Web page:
Part 8. Operation and Training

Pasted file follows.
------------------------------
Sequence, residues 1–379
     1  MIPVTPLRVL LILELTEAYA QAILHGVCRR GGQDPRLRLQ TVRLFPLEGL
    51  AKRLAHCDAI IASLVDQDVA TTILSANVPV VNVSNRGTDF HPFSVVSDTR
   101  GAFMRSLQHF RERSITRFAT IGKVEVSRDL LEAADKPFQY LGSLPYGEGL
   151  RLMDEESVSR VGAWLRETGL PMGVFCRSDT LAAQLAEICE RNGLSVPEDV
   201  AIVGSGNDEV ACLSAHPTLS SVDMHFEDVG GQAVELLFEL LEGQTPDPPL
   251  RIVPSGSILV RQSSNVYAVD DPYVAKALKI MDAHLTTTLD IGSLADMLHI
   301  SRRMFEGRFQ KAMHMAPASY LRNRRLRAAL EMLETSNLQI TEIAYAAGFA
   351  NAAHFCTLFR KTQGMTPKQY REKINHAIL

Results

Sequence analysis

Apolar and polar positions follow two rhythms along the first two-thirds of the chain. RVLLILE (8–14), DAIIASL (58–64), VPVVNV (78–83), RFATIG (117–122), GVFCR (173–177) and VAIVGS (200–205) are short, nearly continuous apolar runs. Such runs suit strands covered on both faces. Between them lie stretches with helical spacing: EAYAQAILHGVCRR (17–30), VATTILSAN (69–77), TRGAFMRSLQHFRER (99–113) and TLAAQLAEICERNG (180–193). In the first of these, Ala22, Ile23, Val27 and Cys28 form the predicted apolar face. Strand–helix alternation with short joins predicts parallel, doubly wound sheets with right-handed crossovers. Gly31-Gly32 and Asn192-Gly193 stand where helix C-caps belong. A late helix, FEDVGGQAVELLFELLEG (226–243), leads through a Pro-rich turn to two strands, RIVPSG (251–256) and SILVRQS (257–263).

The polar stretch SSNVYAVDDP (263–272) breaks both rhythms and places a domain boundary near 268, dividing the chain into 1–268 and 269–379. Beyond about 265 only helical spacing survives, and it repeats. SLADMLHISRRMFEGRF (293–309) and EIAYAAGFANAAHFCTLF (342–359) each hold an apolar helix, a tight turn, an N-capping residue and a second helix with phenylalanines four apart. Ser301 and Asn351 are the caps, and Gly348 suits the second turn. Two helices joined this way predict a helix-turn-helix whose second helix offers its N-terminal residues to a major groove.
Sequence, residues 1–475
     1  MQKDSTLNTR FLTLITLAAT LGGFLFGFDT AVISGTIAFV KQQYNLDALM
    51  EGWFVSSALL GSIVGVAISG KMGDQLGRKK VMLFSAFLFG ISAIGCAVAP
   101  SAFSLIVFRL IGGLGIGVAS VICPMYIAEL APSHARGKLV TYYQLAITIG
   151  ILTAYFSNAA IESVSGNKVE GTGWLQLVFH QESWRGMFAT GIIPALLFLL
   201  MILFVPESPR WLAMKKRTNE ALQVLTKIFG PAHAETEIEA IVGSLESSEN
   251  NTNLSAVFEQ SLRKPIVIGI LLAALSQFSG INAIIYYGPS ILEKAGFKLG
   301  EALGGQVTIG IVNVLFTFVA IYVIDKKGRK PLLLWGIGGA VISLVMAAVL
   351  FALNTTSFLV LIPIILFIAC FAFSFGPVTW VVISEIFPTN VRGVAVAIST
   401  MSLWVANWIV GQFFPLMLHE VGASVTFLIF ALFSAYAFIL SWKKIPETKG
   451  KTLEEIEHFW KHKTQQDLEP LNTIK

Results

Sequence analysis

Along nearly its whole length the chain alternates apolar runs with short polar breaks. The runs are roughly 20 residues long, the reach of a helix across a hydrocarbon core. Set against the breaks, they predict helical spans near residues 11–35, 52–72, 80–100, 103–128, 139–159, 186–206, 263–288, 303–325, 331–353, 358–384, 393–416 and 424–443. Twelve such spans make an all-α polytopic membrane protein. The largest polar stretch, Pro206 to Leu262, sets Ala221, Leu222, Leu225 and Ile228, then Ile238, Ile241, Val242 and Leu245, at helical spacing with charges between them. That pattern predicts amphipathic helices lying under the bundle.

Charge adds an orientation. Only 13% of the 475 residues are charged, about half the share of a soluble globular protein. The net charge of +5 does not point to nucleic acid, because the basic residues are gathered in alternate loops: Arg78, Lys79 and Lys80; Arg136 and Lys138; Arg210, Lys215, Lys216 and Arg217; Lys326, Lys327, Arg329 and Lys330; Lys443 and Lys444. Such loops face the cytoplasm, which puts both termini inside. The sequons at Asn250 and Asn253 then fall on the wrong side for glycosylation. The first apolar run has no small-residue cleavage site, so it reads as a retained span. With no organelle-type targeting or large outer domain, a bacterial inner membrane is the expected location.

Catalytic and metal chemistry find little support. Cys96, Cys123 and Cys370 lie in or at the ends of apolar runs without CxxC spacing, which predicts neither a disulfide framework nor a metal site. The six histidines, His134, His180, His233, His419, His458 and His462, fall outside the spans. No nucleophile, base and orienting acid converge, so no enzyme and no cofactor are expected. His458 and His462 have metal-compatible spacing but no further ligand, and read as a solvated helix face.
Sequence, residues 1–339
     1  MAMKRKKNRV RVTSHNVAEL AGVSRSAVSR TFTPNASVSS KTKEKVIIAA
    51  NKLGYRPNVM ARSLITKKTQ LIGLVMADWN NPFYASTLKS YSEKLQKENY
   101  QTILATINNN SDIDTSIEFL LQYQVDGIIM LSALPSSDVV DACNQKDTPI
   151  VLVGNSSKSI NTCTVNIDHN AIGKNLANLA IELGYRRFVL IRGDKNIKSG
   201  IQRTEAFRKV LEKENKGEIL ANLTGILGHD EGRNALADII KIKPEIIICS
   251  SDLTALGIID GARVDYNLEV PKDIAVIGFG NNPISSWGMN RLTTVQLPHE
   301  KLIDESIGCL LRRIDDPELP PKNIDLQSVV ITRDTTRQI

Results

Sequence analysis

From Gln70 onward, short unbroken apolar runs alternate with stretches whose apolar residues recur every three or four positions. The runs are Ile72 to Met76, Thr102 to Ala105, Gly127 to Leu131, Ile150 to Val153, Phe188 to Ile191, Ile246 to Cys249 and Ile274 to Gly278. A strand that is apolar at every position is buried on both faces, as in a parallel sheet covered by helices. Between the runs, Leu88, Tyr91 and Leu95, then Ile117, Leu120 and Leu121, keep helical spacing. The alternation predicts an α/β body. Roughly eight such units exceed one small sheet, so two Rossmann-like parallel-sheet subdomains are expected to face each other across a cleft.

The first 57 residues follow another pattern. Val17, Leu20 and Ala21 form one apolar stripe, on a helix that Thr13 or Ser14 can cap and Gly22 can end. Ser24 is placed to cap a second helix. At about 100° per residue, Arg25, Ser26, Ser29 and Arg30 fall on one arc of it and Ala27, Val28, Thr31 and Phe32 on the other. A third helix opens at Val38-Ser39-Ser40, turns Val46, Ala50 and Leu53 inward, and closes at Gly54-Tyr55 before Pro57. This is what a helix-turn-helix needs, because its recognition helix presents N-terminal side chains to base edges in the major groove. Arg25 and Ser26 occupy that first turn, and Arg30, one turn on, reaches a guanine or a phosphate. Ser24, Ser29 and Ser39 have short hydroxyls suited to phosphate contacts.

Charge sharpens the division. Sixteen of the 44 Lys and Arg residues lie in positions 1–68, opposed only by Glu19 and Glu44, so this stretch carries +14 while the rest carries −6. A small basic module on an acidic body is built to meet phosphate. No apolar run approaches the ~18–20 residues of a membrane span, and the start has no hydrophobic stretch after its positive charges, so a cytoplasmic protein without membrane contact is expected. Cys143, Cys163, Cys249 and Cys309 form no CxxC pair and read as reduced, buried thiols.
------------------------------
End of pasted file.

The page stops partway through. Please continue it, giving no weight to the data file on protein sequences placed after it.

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248 Operation and Training ETCP Certification In the fall of 2005, the first national certification examination in the entertainment industry was given to riggers (arena) and flymen (theatre). The examination was part of the Entertainment Technician Certification Program (ETCP), a voluntary process that grants recognition to individuals who have demonstrated certain abilities, skills, and knowledge as riggers and flymen. The ETCP is widely supported and funded by many groups and individuals in the entertainment industry, including the Alliance of Motion Picture and Television Producers (AMPTP); Canadian Institute for Theatre Technology (CITT); Clear Channel; International Alliance of Theatrical Stage Employees (IATSE); International Association of Assembly Managers (IAAM); InfoComm International; League of American Theatres and Producers; Production Resource Group (PRG); Themed Entertainment AssoPart 8 8.01 249 ciation (TEA); and United States Institute for Theatre Technology (USITT). The ETCP is under the supervision and auspices of the Entertainment Services and Technology Association (ESTA). The tests can now be taken at various testing centers throughout the country. Applicants must prove that they have had a certain amount of work experience as riggers or flymen before they are eligible to take the test. It is the goal of the industry to eventually have a certified rigger as a lead in every major venue in North America. Contact ETCP on its Web site (http://etcp.esta .org) for additional information about the test. Venue-Specific Training All of the flymen in a venue need not be certified by the ETCP. However, the rigging equipment in each venue is unique, and operating it safely requires venue-specific training. Even though the hardware in two different venues may be from the same manufacturer , the rigging may operate differently due to the unique structure of each theatre. To ensure that the crew in your theatre can operate the rigging system safely and efficiently, a training program for your venue should be set up and implemented. Creating a training program sounds daunting. The suggestions that follow may help to take some of the anxiety out of the process. The list is a suggestion only. Add items not listed that pertain to your venue, and delete items that are not relevant. First, determine where the specific work stations are. Then decide what job skills are needed to work at each station, and list those job skills. Try to limit the checklist to no more than the two sides of a sheet of paper. Put a line on the top of the checklist for the trainee’s name. As the person demonstrates knowledge and proficiency for each item, check it off. When all the items are checked, the person should be a proficient flyman for that venue. General Subjects for All Rigging Systems Every person working with the rigging system on a regular basis should be familiar with the following information. Take time to acquaint the new person with this information. You might consider assigning new hires the responsibility for keeping the rail log and writing the line set schedules and cue sheets to help them really learn your system. 8.02 8.03 250 A. Paperwork 1. Rail log. See Section 7.03 for a description of a rail log. Every person working with the fly system on a regular basis should be familiar with the contents and location of the rail log. 2. Inspection reports. These should be available to all regular hands so they can quickly determine if a strange noise or an odd-looking piece of hardware has been noted before. 3. Line set schedule. This is a listing of all of the line sets, their location from the plaster line, their use, and their capacity. This list serves as a reference for what can be hung for a show and where. A line-set schedule is created for each production. 4. Cue sheet. It is a good idea to have a standard way of writing cue sheets for every show. All rail operators should be familiar with the format for your theatre. 5. Repair and project list. Keep an ongoing list of items that require repair, as well as other projects to maintain and improve the operation. 6. Hardware shopping list. Keep an ongoing, written list of items that need to be purchased. Teach the new hires the pet names for things that you use so that they will know what you are talking about. B. Rail-Operation Checklist __ 1. Rope-lock adjustment __ 2. Moving the tension block __ 3. Adjusting the hand line...


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